first_img Citation: Slovakia to feel most pain from Trump car tariffs: experts (2018, July 1) retrieved 18 July 2019 from https://phys.org/news/2018-07-slovakia-pain-trump-car-tariffs.html As the world’s largest per capita car producer, Slovakia stands to be hit hardest if US President Donald Trump makes good on his threat to impose a 20 percent tariff on cars imported from the EU, analysts say. Trump’s threat was the latest salvo in an escalating trade war that saw the European Union slap duties on US-made jeans and motorcycles in a tit-for-tat response to US tariffs on European steel and aluminium exports.The spectre of US tariffs that sent shares in Fiat Chrysler, Daimler and BMW tumbling on European stock exchanges also spooked Slovakia’s automotive sector.It boasts Germany’s Volkswagen—which is Slovakia’s biggest private-sector employer—France’s PSA and South Korean Kia along with more than 300 automotive supply companies.All told, they generate over 300,000 jobs in the eurozone country of 5.4 million. Jaguar Land Rover will also open a new plant in September. This makes Slovakia the EU’s leading car and car part exporter to the United States in terms of share of GDP—and the most vulnerable to tariffs.”The ratio of overseas car exports to Slovakia’s GDP is significantly the highest among all countries of the EU, with it being up to 1.7 percent,” the Slovak Institute for Financial Policy (IFP) said in a study.”An increase in customs duties on car imports would have the biggest impact on Slovakia,” it concluded. As the only Slovakia-based carmaker that exports directly to the US, Volkswagen—and its many local suppliers—will suffer the most should US tariffs be slapped on the high-end Touareg, Audi Q7 and Porsche Cayenne models produced at its Bratislava plant.Overall, the carmaking sector has a 44 percent share of Slovakia’s total industrial production and 35 percent of its exports.Last year, 1,001,520 cars rolled off assembly lines in Slovakia and exports were worth 3.7 billion euros ($4.3 billion). Explore further This document is subject to copyright. Apart from any fair dealing for the purpose of private study or research, no part may be reproduced without the written permission. The content is provided for information purposes only. © 2018 AFP Germany’s Volkswagen exports cars from Slovakia to the US US tariffs on car imports are a double-edged sword Per capita, no country produces more cars than Slovakia Slovak Economy Minister Peter Ziga has said that Bratislava would rally for unity across the European Union in the interests of keeping the car sector tariff-free.Carmakers based in Slovakia have so far declined to comment on possible US tariffs.”As these plans are only speculations, we will not comment on them,” Volkswagen Slovakia spokesman Michal Ambrovic told AFP.The German company’s Slovak operation produced 361,776 cars last year, and 99.7 percent of its production was exported, with 20 percent to the US, according to an internal report made available to AFP.Groupe PSA Slovakia, maker of Citroën C3 and Peugeot 208 in Trnava, also declined to comment on the tariff impact, but spokesman Peter Svec did say that its plant does not sell to the US market. PSA produced 335,296 cars in 2017, 91 percent of its production was sold to customers EU countries, according to the company annual report.KIA Slovakia spokesman Andrej Sahaj also confirmed that sales of its vehicles are restricted to Europe. Annual production has exceeded one million cars in each of the last three years and is forecast to grow by more than a third by 2020.’Challenge’A 25 percent tariff on cars could cost Slovakia approximately 90 million euros, according to IFP calculations.Tariffs would “definitely pose a challenge for Slovak carmakers reaching out to customers in the United States,” Jan Pribula, Secretary General of the Automotive Industry Association of the Slovak Republic (ZAP), told AFP.last_img read more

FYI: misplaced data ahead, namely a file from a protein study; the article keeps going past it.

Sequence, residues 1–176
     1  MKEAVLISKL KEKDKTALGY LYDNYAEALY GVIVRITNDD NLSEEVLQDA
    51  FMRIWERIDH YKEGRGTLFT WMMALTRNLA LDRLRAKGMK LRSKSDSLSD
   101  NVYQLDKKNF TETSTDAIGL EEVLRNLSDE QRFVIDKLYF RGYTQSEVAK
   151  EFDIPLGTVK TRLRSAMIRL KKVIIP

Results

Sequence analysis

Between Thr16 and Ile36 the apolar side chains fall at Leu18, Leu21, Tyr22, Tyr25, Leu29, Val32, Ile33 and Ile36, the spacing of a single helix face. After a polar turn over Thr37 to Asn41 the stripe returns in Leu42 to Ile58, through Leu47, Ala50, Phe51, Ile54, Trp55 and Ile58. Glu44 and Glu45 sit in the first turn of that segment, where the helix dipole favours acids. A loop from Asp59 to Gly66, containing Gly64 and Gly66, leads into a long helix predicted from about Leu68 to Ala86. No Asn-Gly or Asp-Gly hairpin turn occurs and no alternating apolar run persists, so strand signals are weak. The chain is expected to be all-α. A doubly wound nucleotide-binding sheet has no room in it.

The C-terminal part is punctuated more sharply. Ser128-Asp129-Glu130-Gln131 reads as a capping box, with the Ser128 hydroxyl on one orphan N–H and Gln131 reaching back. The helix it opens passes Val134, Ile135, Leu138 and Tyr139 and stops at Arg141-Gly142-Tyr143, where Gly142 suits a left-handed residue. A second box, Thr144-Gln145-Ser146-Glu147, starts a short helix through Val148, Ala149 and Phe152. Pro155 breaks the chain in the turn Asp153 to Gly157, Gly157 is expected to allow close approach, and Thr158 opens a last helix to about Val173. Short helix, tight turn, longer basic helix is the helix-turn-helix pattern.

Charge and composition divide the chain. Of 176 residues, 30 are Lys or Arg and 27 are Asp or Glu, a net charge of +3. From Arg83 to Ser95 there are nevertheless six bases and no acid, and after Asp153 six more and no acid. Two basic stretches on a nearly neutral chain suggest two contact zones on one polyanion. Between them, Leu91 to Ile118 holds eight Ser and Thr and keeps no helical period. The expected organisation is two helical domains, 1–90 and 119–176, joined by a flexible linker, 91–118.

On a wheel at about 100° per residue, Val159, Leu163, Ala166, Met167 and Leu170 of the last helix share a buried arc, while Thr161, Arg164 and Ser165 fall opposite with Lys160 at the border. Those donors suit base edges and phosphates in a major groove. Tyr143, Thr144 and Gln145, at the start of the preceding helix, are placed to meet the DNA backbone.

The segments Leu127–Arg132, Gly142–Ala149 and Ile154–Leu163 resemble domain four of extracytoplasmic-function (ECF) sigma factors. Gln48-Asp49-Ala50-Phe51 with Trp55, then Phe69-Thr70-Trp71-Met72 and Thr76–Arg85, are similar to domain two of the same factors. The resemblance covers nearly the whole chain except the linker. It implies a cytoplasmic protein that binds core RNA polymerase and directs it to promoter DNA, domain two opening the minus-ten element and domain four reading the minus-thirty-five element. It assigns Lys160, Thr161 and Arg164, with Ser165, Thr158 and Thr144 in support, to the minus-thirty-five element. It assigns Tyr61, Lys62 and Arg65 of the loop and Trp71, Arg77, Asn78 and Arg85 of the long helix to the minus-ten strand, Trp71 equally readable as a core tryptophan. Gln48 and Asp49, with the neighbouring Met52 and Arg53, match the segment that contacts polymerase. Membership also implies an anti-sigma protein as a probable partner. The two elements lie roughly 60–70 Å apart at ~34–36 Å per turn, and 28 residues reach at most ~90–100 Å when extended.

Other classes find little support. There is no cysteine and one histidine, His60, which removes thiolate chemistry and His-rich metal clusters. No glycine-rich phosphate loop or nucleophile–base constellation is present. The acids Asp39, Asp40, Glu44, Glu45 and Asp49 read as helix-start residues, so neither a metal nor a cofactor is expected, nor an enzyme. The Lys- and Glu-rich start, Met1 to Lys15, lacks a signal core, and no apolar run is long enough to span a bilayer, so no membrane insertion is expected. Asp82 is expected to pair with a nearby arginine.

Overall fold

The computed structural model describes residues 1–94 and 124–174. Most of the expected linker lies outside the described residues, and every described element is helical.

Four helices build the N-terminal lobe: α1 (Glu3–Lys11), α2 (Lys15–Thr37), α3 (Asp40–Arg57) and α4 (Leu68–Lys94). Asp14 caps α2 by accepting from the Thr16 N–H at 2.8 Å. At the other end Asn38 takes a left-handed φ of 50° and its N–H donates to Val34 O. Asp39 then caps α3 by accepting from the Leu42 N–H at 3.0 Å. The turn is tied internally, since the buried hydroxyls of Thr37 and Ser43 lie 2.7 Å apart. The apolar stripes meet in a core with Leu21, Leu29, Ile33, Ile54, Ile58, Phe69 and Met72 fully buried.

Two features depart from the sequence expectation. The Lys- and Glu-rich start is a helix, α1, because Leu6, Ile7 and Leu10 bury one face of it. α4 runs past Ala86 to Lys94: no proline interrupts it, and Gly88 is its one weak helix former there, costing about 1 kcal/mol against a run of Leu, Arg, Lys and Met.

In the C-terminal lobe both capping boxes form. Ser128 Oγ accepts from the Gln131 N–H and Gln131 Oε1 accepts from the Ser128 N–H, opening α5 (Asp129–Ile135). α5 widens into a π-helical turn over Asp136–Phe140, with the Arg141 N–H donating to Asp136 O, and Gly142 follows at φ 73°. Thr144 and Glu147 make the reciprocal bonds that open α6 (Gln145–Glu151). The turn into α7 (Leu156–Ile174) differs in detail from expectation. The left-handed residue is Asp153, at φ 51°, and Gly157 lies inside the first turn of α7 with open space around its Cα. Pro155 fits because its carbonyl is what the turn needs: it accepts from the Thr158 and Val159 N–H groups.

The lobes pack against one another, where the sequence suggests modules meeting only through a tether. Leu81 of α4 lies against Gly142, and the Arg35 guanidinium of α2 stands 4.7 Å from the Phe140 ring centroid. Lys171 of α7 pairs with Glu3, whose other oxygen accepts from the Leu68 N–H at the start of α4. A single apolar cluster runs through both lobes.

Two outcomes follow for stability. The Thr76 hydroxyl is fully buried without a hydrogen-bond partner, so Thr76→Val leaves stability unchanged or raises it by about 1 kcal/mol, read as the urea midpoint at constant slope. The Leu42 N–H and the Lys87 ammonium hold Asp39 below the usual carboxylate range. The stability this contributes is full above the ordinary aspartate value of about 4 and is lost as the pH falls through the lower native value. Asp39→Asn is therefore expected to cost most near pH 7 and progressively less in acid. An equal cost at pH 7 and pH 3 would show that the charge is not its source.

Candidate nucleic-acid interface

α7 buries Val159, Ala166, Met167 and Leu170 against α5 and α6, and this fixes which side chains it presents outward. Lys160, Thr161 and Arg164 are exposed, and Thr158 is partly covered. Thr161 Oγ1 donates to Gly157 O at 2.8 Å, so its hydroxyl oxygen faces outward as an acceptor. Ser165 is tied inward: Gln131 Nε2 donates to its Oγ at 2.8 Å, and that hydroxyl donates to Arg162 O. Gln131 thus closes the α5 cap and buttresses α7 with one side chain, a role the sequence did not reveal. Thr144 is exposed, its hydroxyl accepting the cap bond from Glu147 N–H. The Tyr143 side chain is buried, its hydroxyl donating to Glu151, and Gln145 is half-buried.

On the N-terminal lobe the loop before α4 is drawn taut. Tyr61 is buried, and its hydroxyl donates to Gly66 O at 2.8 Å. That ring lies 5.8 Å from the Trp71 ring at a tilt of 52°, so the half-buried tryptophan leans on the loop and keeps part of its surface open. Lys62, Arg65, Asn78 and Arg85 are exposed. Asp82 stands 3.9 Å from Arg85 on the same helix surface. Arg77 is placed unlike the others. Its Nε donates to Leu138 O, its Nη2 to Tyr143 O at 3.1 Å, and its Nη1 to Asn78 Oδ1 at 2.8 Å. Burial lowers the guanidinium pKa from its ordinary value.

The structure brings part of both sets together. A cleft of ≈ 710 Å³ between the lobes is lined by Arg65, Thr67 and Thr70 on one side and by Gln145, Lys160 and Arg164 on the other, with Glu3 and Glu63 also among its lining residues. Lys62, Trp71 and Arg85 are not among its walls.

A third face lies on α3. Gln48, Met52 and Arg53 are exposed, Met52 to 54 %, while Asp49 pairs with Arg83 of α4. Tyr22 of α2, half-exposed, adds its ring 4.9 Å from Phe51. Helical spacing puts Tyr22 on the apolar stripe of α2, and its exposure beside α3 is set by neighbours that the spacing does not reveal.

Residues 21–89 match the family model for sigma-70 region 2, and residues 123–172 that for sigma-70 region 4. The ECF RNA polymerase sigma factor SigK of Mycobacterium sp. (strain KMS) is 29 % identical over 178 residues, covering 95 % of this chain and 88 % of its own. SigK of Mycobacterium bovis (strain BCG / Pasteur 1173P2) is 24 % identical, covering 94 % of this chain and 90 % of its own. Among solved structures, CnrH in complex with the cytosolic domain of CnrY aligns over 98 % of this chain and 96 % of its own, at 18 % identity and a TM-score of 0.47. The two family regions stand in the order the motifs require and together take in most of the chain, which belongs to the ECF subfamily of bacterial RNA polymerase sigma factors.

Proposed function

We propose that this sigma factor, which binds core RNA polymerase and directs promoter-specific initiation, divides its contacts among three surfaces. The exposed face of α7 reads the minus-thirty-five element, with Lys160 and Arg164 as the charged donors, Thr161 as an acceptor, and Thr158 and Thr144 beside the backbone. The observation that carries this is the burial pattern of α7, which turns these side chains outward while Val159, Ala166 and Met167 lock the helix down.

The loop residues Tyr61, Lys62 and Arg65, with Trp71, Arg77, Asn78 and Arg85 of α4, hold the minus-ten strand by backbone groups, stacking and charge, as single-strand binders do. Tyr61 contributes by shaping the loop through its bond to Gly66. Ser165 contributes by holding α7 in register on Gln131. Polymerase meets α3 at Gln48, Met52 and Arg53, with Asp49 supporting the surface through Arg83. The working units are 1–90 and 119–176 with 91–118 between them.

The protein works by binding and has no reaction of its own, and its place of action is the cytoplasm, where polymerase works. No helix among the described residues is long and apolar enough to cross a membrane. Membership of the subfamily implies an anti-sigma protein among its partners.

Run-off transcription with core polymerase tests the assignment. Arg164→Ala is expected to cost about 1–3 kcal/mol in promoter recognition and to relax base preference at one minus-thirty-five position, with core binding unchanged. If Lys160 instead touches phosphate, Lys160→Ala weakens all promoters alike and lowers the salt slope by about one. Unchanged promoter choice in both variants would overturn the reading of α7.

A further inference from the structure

Is NCPs Sharad Pawar eyeing a bigger role at the CentreIs NCPs

first_imgFile Photo of NCP leader Sharad Pawar.   –  PTI SHARE Published on COMMENT After backing Mamata Banerjee, Chandrababu Naidu and Mayawati as top contenders for the prime ministerial post in case any single party or an alliance fails to secure majority, Nationalist Congress Party (NCP) chief Sharad Pawar said he is not in the race for the top post but at the same time has made it clear he will play a vital role in bringing all leaders together. As the fourth and last phase of polling ended in the State on Monday, Pawar told media that even if his party wins all 22 seats it contested in Maharashtra, it was unrealistic for him to join the race for the top post. However, he said he was going to ensure that non-BJP leaders come together to stop the BJP regaining power.NCP insiders said Pawar was in constant discussions with various non-BJP and non-Congress leaders, including Mamata Banerjee and Chandrababu Naidu. Despite Pawar refusing his contest for PM’s post, many NCP candidates have appealed voters that NCP should win maximum seats to facilitate Pawar’s claim on the post. A history with BJPEven as the NCP and the Congress have fought Lok Sabha elections together in Maharashtra, the State Congress leaders are wary of Pawar’s moves as he had announced unconditional support to the BJP in Maharashtra after 2014 Assembly polls. The BJP had emerged as a single largest party and Shiv Sena had not made up its mind to support the BJP to form the government. Pawar had then announced support to the BJP even as the BJP leaders had not asked for it. Finally, Sena joined the government and NCP had to sit in the opposition in the State Assembly. Prime Minister Narendra Modi shares cordial relations with Pawar and had praised the NCP president as an “example” to others in public life. “I have personal respect for Sharadrao. I was Gujarat Chief Minister. He helped me walk by holding my finger. I feel proud to pronounce this publicly,” Modi had stated earlier. During his election campaign in Maharashtra PM Modi castigated Pawar but at the same time questioned on how a leader like Pawar’s stature be with the Congress. Pawar during the election campaign had insisted that he has no plans of retiring from politics and has a long way to go. After addressing about 80 rallies across the State , the 79-year-old veteran is on tour to drought-affected areas in Maharashtra. Pawar was in drought affected Solapur immediately after casting his vote in Mumbai on Monday. April 30, 2019 politics state politics COMMENTS SHARE SHARE EMAIL national electionslast_img read more